When it comes to electric vehicles (EVs), one of the most cited concerns is range anxiety: the fear that your car will run out of juice before reaching your destination. However, a recent world record set by a team from Technical University of Munich (TUM) might put some of those fears to rest, while simultaneously pushing the boundaries of what is technically feasible.
Dubbed TUfast Eco, the student team managed to obliterate the existing world record for the longest-range electric vehicle (non-solar) by covering an astonishing 2,573.79 kilometers (1,599.28 miles) on a single charge. The achievement is even more impressive considering the vehicle, named Muc022, accomplished this feat using a 15.5-kWh battery, which is significantly smaller than the batteries found in market-leading EVs.
For context, the previous record was set at 1,608.54 kilometers (999.5 miles) by American company IT Asset Partners in California back in 2017. By surpassing this milestone, the TUfast Eco team didn’t just break the 1,000-mile barrier; they also increased the record by a whopping 60%. They accomplished this feat during last week’s IAA Munich Mobility show, taking six days to complete the journey inside an airplane hangar provided by Munich Airport to eliminate weather variables.
Although the Muc022 was developed specifically for competition and not for consumer use, it provides significant insights into the future of electric mobility. The car uses just 0.6 kWh per 100 km, in stark contrast to an efficient production EV, which typically consumes around 13 kWh per 100 km. The vehicle is powered by a 400-W permanent magnet synchronous motor and weighs only 375 lb (170 kg) without the driver. Furthermore, its aerodynamically efficient, teardrop-shaped body boasts a drag coefficient of just 0.159, lower than any other vehicle currently available on the market, including the 0.175-Cd Lightyear 0 solar-electric car.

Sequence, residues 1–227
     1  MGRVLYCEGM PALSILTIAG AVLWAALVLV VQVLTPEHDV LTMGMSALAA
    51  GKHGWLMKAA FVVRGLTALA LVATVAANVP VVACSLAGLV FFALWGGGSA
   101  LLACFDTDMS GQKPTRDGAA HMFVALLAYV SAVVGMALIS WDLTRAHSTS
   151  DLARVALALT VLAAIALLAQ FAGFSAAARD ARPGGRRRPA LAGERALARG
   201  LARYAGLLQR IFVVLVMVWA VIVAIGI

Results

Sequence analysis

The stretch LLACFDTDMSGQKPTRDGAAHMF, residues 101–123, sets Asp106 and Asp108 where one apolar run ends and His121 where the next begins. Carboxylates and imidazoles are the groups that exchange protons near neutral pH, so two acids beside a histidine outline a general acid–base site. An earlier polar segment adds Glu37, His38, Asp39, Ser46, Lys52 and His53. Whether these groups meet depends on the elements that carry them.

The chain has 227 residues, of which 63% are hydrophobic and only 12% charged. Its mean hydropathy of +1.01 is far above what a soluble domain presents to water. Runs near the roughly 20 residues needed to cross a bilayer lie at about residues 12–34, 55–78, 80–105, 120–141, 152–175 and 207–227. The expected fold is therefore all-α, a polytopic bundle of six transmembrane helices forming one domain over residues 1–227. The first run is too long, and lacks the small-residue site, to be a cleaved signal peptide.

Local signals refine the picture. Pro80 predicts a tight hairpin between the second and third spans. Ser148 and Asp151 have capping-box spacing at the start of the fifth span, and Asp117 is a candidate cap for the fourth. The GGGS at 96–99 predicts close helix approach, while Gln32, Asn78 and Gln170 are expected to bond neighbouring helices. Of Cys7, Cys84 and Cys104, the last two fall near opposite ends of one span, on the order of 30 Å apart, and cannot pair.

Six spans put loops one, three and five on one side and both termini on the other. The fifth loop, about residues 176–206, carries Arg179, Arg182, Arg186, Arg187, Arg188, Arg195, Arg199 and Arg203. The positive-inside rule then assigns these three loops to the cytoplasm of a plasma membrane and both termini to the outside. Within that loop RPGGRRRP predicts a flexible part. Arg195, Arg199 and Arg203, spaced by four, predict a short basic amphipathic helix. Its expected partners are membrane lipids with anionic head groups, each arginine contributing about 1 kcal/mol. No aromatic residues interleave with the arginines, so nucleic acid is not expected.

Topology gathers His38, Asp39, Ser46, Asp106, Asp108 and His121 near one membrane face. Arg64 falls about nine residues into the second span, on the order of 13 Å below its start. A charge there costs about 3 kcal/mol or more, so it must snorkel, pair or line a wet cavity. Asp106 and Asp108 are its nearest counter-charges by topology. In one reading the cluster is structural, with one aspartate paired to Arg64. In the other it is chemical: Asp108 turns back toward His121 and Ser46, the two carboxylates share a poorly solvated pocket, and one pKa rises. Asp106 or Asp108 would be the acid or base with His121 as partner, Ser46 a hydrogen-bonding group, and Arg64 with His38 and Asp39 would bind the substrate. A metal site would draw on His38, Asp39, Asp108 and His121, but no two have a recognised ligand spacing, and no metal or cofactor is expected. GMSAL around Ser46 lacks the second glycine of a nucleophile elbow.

The Muc022’s single-seat configuration and competition-specific design make it impractical for daily activities like grocery shopping or school runs. However, the car was replaced by its successor, the Muc023, in March ahead of the 2023 Shell Eco Marathon, allowing the team to retrofit the Muc022 with a larger 15.5-kWh battery specifically for the record attempt.
While it’s unlikely you’ll see a Muc022 on the road beside you anytime soon, the technological advancements demonstrated by this achievement have broad implications for the automotive industry. If similar efficiency gains can be applied to consumer-focused vehicles, we may see a dramatic shift in public perception about the practicality of electric vehicles.
Pricing information is not applicable in this case, as the Muc022 was developed solely for competition and research purposes. However, the advancements it showcases could potentially reduce production and battery costs for future commercial EVs, making them more accessible to the average consumer.